Public Administration N 5 Module 1 Policy and

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Public Administration N 5

Public Administration N 5

Module 1 - Policy and Policy-Making INTRODUCTION The SA Constitution states that government authorities

Module 1 - Policy and Policy-Making INTRODUCTION The SA Constitution states that government authorities and officials must ensure that all citizens, especially the poor, and other vulnerable groups, have equal access to basic services. Public policy is therefore necessary to determine which services communities need and what kinds of development are needed. www. futuremanagers. com

Module 1 - Policy and Policy-Making (continued) THE NATURE OF PUBLIC POLICY A set

Module 1 - Policy and Policy-Making (continued) THE NATURE OF PUBLIC POLICY A set of common rules and guidelines have emerged over time, which has enabled communities to deliver basic services and to manage any differences which exist among individuals and groups effectively. www. futuremanagers. com

Module 1 - Policy and Policy-Making (continued) PLANNING, DETERMINING OBJECTIVES, DECISION-MAKING AND POLICY-MAKING Planning

Module 1 - Policy and Policy-Making (continued) PLANNING, DETERMINING OBJECTIVES, DECISION-MAKING AND POLICY-MAKING Planning is a thought activity that involves the individual and/or group’s imagination, logic and vision. Objectives define and state the purpose of an institution. Policy-making is the process in which actions and interactions are taken by all spheres and levels of government in the interest of all citizens. www. futuremanagers. com

Module 1 - Policy and Policy-Making (continued) FACTORS THAT INFLUENCE POLICY-MAKING Internal factors include:

Module 1 - Policy and Policy-Making (continued) FACTORS THAT INFLUENCE POLICY-MAKING Internal factors include: • Conditions of establishment; • Political assignment; • Legality according to the state and administrative law; • Financial means; • Personnel abilities; and • Physical facilities. www. futuremanagers. com External factors include: • Circumstances; • Needs and expectations of the population; • Policies of political parties; • Activities and representations of interest groups; • Personal views of political executive officebearers; and • Research, investigations and views of experienced public officials.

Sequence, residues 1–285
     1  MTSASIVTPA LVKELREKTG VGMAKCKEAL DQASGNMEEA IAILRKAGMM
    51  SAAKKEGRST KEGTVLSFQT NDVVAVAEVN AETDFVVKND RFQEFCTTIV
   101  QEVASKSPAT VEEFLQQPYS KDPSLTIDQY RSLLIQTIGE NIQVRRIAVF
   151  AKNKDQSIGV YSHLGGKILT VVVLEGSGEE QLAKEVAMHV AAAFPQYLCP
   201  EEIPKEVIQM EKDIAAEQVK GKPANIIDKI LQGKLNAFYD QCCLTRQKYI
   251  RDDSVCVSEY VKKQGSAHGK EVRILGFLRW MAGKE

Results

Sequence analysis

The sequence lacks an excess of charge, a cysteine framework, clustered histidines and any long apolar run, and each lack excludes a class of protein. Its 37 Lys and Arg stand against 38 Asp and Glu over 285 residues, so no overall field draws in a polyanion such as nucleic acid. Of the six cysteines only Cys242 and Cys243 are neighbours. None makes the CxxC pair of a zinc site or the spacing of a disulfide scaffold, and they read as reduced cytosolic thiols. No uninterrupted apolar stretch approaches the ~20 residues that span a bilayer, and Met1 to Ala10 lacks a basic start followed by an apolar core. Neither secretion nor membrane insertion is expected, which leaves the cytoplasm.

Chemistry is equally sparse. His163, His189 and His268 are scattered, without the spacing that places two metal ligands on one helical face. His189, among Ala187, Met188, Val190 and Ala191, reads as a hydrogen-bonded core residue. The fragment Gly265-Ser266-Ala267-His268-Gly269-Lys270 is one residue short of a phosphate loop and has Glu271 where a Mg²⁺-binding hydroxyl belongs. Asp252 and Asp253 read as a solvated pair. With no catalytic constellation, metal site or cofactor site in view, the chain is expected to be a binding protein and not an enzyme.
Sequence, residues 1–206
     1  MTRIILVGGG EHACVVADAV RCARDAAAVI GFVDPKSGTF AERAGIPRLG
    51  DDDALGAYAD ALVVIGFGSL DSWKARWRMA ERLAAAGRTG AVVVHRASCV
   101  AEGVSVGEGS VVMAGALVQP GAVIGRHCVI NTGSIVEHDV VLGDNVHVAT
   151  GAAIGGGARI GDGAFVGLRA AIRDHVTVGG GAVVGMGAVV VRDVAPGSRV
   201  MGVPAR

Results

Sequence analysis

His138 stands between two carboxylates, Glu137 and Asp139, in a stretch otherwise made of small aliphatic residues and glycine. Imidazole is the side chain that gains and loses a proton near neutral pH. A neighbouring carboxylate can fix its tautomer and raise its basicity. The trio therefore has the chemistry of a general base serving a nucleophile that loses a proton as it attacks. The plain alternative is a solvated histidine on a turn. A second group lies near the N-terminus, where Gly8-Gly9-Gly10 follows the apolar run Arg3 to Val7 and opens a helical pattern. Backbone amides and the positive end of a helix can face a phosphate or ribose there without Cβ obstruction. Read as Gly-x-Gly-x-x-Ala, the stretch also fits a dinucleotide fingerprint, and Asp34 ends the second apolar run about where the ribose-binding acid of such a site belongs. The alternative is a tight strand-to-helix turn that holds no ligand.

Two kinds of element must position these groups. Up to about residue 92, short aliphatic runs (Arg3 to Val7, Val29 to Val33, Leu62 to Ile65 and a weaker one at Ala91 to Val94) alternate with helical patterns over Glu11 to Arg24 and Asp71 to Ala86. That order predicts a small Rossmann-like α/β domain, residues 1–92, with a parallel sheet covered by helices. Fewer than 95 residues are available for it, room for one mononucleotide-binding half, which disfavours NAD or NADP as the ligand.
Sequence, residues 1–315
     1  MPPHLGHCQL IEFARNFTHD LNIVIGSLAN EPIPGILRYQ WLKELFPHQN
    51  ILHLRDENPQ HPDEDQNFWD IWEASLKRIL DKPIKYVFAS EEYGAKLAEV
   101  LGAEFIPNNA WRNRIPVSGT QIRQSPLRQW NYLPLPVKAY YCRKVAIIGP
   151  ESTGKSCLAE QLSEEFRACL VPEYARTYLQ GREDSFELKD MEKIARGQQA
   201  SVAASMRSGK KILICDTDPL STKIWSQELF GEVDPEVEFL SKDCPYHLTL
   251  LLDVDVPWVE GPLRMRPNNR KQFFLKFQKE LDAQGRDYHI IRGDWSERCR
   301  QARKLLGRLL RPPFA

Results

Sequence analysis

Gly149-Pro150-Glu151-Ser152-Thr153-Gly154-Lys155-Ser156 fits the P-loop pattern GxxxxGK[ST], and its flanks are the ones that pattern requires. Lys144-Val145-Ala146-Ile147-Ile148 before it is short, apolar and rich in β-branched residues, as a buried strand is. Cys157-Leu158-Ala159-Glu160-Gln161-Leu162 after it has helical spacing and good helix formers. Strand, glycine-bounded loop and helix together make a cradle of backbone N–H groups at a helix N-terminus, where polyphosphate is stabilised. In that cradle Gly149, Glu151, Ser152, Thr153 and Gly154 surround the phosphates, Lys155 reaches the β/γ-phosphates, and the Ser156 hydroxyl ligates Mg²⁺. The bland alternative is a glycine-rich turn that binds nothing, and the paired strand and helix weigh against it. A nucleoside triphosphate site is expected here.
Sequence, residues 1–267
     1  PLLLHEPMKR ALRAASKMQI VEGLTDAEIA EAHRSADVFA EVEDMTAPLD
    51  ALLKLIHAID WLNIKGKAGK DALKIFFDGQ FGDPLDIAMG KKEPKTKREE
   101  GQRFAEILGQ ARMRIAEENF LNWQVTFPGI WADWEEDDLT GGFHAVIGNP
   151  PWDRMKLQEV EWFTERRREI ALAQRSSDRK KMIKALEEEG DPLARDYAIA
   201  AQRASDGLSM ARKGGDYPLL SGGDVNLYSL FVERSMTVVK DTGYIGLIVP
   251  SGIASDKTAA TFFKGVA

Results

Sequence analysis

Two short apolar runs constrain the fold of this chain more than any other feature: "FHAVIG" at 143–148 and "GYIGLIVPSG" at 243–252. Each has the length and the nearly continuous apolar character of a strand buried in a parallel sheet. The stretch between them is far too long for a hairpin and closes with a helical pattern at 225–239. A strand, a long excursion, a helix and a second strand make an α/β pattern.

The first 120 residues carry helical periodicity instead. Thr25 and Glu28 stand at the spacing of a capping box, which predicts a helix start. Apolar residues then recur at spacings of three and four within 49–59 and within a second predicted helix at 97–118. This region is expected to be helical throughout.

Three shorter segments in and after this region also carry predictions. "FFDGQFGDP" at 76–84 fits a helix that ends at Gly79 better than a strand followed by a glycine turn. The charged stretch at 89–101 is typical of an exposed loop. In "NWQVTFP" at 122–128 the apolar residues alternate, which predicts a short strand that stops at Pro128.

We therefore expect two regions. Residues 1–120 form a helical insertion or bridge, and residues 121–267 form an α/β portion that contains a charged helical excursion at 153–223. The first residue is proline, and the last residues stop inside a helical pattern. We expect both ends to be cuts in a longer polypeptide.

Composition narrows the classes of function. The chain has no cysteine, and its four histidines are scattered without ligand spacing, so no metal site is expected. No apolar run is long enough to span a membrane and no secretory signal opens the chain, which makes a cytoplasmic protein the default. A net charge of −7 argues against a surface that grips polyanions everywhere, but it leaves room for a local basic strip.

Module 1 - Policy and Policy-Making (continued) POLICY-MAKING PROCEDURE The policy-making process can be

Module 1 - Policy and Policy-Making (continued) POLICY-MAKING PROCEDURE The policy-making process can be divided into three groups, namely: • The policy-making processes; • The policy-implementation processes; and • Policy analysis and evaluation processes. www. futuremanagers. com

Module 1 - Policy and Policy-Making (continued) INSTITUTIONS INVOLVE IN POLICY-MAKING The following institutions

Module 1 - Policy and Policy-Making (continued) INSTITUTIONS INVOLVE IN POLICY-MAKING The following institutions are involved in determining a policy: • Legislative institutions; • Executive councils and committees; • Commissions and committees of enquiry; • Select, standing and joint committee of parliament; • Cabinet committees; and • Internal auxiliary services and staff units. www. futuremanagers. com

Module 1 - Policy and Policy-Making (continued) POLICY LEVELS Policy-making take place on four

Module 1 - Policy and Policy-Making (continued) POLICY LEVELS Policy-making take place on four levels namely: • Political-party policy; • Government policy; • Departmental policy; and • Administrative policy. www. futuremanagers. com

Module 1 - Policy and Policy-Making (continued) CHARACTERISTICS OF PUBLIC POLICY Public policy must

Module 1 - Policy and Policy-Making (continued) CHARACTERISTICS OF PUBLIC POLICY Public policy must be: • Authoritative; • Enforceable; • Flexible and adaptable; • Feasible; • Clear; and • Public. www. futuremanagers. com

Module 1 - Policy and Policy-Making (continued) ROLE PLAYERS IN PUBLIC POLICY-MAKING There are

Module 1 - Policy and Policy-Making (continued) ROLE PLAYERS IN PUBLIC POLICY-MAKING There are numerous role players involved in policy-making. These include but are not limited to: • The population; • Individuals; • Interest or pressure groups; • Legislative institutions; and • Political executive institutions. www. futuremanagers. com

Module 1 - Policy and Policy-Making (continued) CONCLUSION It is important for policy-makers to

Module 1 - Policy and Policy-Making (continued) CONCLUSION It is important for policy-makers to have the necessary capacity and opportunity to continuously adapt public policy to the changing circumstances of the people. www. futuremanagers. com

Module 2 - Organising INTRODUCTION An organisational unit or an institution within the public

Module 2 - Organising INTRODUCTION An organisational unit or an institution within the public sector consists of people who have to co-operate with each other to achieve political objectives. www. futuremanagers. com